Synopsis of The Coast Where Barbarism Starts, from The Oxford Companion to the Literature of Constance Eakins

Constance Eakins’ monograph about Trieste, The Coast where Barbarism Starts, was a middling volume, of interest only to Eakins completists and Triestini interested in an American’s take on their history. Most memorable is the chapter on the city’s lonely past, titled “The Nine Disappointments of Trieste.”
Unlike Venice or Constantinople or Alexandria, Trieste never had the benefit of a violent assault that brought about a full-scale decline. Instead it suffered only a slow lapse into insignificance and cosmopolitan urban torpor. In this chapter Eakins charts the history of the city through a series of disappointing events. These include:

—The disappointment of the Illyrians, a humble Indo-Celtic people who traded with fish, salt, olive oil and wine, when they were invaded by the Romans, and their city renamed Tergeste.

—The disappointment of the Romans in 394 AD when, due to a powerful gust of the Bora wind, they lost a battle—later christened “The Battle of the Bora.” Local historians believe that this battle directly precipitated the fall of the Roman Empire.

—The disappointment felt by the helpless Triestine fisherman when the Venetians repeatedly raided and occupied it at will during the middle ages, until they grew bored and abandoned it again.

—The disappointment of the14th century townspeople when their local rulers entrusted the city to the despotic rule of the Habsburg monarchy in Vienna.

—The disappointment of the Archduke Ferdinand Maximilian of Hapsburg who, having built the beautiful castle Miramare, was shot against a wall in Mexico in 1867 before he could take residence there. Before he died Maximilian wrote a letter from Mexico in which he demanded that two thousand nightingales be set free from their cages in Miramare, and sent across the sea to him. After his death his wife, Carlotta, left alone in the empty castle, slowly went insane.

—The disappointment over the assassination of the Archduke Ferdinand and his wife, Sophie, in 1914. His funeral procession proceeded down the city’s main street, the Corso Italia, marking the humiliation of the empire and the advent of world war.

—The disappointment of 1919 at the dissolution of the Habsburg Empire. Trieste was orphaned, smelted on to the recently united kingdom of Italy, becoming its easternmost fringe. Having no identifiable role in the new kingdom, the city was left to fade and evanesce into a languid state of disregard.

—Mussolini’s disappointment, realized as the noose was tightening around his neck, that he would not deliver on his promise to regain for Trieste its ancient status as one of the world’s great ports.

To get a further flavor of Eakins’ book, we quote here from his ninth “disappointment”:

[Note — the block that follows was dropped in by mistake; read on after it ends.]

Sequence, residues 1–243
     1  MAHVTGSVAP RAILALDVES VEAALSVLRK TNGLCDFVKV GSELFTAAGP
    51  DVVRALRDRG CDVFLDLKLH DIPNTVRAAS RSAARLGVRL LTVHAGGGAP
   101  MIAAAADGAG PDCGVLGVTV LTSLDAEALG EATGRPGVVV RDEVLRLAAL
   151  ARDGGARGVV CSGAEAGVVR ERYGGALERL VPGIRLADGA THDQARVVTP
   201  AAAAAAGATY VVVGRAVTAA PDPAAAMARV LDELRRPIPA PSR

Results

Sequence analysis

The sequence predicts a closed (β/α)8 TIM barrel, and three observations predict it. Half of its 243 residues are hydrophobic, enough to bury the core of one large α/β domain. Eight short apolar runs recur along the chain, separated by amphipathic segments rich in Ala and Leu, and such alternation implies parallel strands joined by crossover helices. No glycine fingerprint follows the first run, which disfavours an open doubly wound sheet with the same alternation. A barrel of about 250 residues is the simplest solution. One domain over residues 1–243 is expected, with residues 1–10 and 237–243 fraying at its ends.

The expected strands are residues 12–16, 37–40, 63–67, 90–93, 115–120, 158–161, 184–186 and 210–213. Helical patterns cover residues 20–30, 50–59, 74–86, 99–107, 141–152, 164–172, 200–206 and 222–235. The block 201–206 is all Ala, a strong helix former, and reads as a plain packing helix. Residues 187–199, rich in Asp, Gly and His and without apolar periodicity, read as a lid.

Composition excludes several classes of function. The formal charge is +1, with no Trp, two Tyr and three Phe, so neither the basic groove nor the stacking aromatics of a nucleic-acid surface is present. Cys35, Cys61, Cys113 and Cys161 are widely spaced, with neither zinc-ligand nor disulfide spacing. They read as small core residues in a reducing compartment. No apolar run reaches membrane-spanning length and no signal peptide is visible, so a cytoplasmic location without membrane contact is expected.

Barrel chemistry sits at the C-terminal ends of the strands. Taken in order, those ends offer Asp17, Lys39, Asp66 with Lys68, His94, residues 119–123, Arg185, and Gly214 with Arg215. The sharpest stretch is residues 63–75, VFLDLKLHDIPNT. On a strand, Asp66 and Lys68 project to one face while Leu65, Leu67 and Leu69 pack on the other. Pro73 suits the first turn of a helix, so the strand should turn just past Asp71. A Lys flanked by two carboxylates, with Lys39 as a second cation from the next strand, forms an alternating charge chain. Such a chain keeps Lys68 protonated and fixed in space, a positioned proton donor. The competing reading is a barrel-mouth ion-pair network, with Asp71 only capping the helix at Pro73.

“Imagine the disappointment of Antonio Smrekar, a mechanic from Trieste, upon presenting his identification papers to the civic clerk in Udine and being ordered to an internment camp under suspicion of being a spy. Antonio, an Italian irredentist of Slavic ancestry, had paid a train engineer two months’ salary to be smuggled out of Trieste and over the border into Italy. He wanted to fight alongside the allies against Austria, whose kingdom he blamed for Trieste’s pitiable decline. In the internment bunker he met other nationless casualties of war, a band of disheartened and forgotten men from Trieste and the border towns. These men were not known criminals nor were they even accused of any specific crimes, but they were nevertheless considered dangerous personalities in a time of war. Some were suspected of sympathizing with the enemy, others of sowing anarchy. The Italian military had orders to intern anyone seen holding “incautious conversations in public,” “behaving suspiciously,” “practicing imprudent comportment,” and “not respecting normal war-time of the war.” As a result, it was a large, motley bunch of professors, engineers, daffy pensioners, and leaders of youth organizations that lived in the bunker’s cramped quarters, sleeping on splintered wooden cots without the pleasure of a mattress and lining up to play chess and pinochle on the room’s single table. During the daily period of “recess” the men were allowed into the dirt yard to play bocce, roll dice, and pass around a soccer ball. Behind the towering fence lay hundreds of miles of Friulian farmland, interrupted only by pockets of forest and small hills on which there sat white castles and forts built for other wars, about whose participants nothing was known except that they died over a thousand years earlier.

“Imagine Antonio’s further disappointment at not receiving any responses from the Udinese Civil Commissary to his dignified pleas for release. This is from a letter he wrote in 1919, during his fourth year of internment:

‘I marvel not only at the length of my internment, but at your refusal to consider my case all this time.

‘I am tired of waiting, and so I implore you for neither clemency nor pity, but justice, if such a virtue still exists. I ask for freedom so that I might rejoin my family (who have been praying for my return since 1915), and come to their aid. Recently, in an effort to get away from the destruction of their city, they spent a Saturday at the park in Castle Miramare. While they were there, an airplane—they are not certain whether it was Italian or Austrian—dropped two bombs in their immediate vicinity. A shard of tree branch pierced the arm of my young son, Pietro. It would be a blessing were I allowed to visit and comfort him. He suffers silently there, alongside the beds of wounded soldiers swearing and carrying on in a way unsuitable for the observation of a boy only eight years old.

‘I hope that the Civil Commissariat understands my intentions and will not wish to deny me the justice that I request.’”